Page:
Marketing & Promotion
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Whether you’ve just published a book or have a book that isn’t selling, now is the time to get to it; start marketing today! Ensuring the success of any book is something even the biggest publishers have never been able to guarantee, but with a good book, a little or a lot of money, and just plain hard work the odds are in your favor; many have done it. Self publishers need to have a good marketing plan to sell books and should be written prior to writing your book and in place a year prior to publishing your book. Your book press release should not be written as you would a sales letter or flier, it should be written for the editor and tell about your book in a factual way, no opinion or glowing remarks.
By Carolyn McCray, Author | @craftycmc Before reading this article I strongly suggest you read both my recent article Gaining Traction in the Amazon Ebook Marketplace and Amazon Best Practices . You will need the knowledge described in both of them to really take advantage of the information given here to enhance your royalties. As noted in my latest article, Gaining Traction in the Amazon Ebook Marketplace , regarding Amazon’s internal recommendation system, the more books (units) you sell, the more you are recommended out into the queue and the more books you tend to sell.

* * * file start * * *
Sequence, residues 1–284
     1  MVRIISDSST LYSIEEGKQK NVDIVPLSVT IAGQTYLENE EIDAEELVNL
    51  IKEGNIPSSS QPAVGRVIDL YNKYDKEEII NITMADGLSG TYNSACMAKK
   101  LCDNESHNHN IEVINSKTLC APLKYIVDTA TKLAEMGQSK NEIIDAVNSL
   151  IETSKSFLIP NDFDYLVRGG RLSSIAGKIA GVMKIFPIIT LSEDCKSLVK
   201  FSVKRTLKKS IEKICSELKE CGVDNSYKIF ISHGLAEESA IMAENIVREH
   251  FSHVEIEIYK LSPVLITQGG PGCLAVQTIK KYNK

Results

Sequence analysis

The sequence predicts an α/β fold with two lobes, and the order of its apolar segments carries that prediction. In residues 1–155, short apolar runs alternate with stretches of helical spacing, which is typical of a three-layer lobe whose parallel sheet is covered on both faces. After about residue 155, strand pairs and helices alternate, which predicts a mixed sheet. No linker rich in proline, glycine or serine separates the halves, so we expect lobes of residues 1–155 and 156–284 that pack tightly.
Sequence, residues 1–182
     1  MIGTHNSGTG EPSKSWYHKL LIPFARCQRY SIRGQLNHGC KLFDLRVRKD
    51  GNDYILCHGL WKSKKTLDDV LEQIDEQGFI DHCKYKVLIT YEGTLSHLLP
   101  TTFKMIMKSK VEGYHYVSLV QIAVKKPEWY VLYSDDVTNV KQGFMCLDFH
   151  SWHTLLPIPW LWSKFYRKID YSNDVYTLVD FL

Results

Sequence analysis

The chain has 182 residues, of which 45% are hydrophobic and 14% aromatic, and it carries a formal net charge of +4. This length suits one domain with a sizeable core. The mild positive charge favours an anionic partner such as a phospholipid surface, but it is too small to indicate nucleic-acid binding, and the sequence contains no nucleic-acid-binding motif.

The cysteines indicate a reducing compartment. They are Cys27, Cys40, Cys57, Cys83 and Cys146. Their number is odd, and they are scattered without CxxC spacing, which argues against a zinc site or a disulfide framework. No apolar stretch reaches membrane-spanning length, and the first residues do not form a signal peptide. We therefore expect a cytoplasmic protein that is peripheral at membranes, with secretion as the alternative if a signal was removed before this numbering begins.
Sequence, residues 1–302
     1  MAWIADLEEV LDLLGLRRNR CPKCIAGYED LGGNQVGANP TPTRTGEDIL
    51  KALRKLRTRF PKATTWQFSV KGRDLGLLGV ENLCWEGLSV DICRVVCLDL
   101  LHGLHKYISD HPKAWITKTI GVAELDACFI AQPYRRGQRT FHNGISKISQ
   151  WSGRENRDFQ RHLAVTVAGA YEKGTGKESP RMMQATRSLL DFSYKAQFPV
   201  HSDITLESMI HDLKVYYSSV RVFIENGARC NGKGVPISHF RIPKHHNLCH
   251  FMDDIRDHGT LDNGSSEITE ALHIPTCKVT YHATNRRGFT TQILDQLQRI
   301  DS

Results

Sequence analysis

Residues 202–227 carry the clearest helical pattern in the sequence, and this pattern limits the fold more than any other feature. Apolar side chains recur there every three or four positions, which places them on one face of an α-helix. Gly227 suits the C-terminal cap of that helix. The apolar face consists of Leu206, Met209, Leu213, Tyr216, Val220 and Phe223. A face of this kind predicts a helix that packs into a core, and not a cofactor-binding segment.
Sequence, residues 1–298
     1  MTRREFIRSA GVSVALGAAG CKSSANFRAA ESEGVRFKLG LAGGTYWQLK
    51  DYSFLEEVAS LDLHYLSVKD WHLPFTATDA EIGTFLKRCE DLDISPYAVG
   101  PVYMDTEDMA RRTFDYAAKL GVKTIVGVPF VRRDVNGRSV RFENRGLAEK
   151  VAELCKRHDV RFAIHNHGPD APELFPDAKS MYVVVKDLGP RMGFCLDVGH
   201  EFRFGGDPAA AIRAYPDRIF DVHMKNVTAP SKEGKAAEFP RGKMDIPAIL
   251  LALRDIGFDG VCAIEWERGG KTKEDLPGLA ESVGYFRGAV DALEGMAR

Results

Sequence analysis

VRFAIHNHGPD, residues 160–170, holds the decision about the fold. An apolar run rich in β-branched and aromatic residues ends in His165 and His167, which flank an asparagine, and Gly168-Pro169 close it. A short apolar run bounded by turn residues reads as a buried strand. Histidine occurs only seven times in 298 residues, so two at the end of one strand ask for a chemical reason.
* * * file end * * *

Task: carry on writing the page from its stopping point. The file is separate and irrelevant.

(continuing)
One advantage indie authors have over traditional authors is the ability to set up a free promotional campaign. It's a difficult decision. Do you give your book away for free to potentially thousands of readers?
Marketing Your Fiction Book
Marketing Your Poetry Book
Marketing Your Non-Fiction Book
Book Pitches, Queries, Synopsis
In the rush to find new and exciting ways to promote our books, let's not forget the tried-and-true. Inspired by Chris Brogan’s article, Promoting Your Book Online , a post by the way that got just about everybody in the blogosphere commenting on his blog, I devised this piece about adapting offline book promotion techniques to the online world. In the olden days (pre-web), authors had limited personal means of promoting their books. Even if you did somehow get someone to publish your book, it didn't automatically imply that the publisher would spend a dime to promote it, the advertizing budget usually reserved for their award winning authors. So, authors had to become creative. One way authors found to get some buzz for their books was to write practical, hard-hitting articles drawn from the content of their books and submit them to magazines and other publications.